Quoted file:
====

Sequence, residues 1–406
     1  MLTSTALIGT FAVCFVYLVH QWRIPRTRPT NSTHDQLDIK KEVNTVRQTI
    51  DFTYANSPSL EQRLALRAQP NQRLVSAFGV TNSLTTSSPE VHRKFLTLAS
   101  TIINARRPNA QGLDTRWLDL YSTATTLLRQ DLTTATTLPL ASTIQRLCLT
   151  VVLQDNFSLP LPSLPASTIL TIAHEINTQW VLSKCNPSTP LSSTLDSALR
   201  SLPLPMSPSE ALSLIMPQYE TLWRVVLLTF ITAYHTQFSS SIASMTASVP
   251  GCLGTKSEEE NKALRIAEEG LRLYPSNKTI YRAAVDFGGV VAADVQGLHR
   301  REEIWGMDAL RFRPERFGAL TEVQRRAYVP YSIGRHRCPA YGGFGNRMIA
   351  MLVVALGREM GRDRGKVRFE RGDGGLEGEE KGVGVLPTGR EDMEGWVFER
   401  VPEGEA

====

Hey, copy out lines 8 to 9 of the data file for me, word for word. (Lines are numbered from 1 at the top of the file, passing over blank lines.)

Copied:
   301  REEIWGMDAL RFRPERFGAL TEVQRRAYVP YSIGRHRCPA YGGFGNRMIA
   351  MLVVALGREM GRDRGKVRFE RGDGGLEGEE KGVGVLPTGR EDMEGWVFER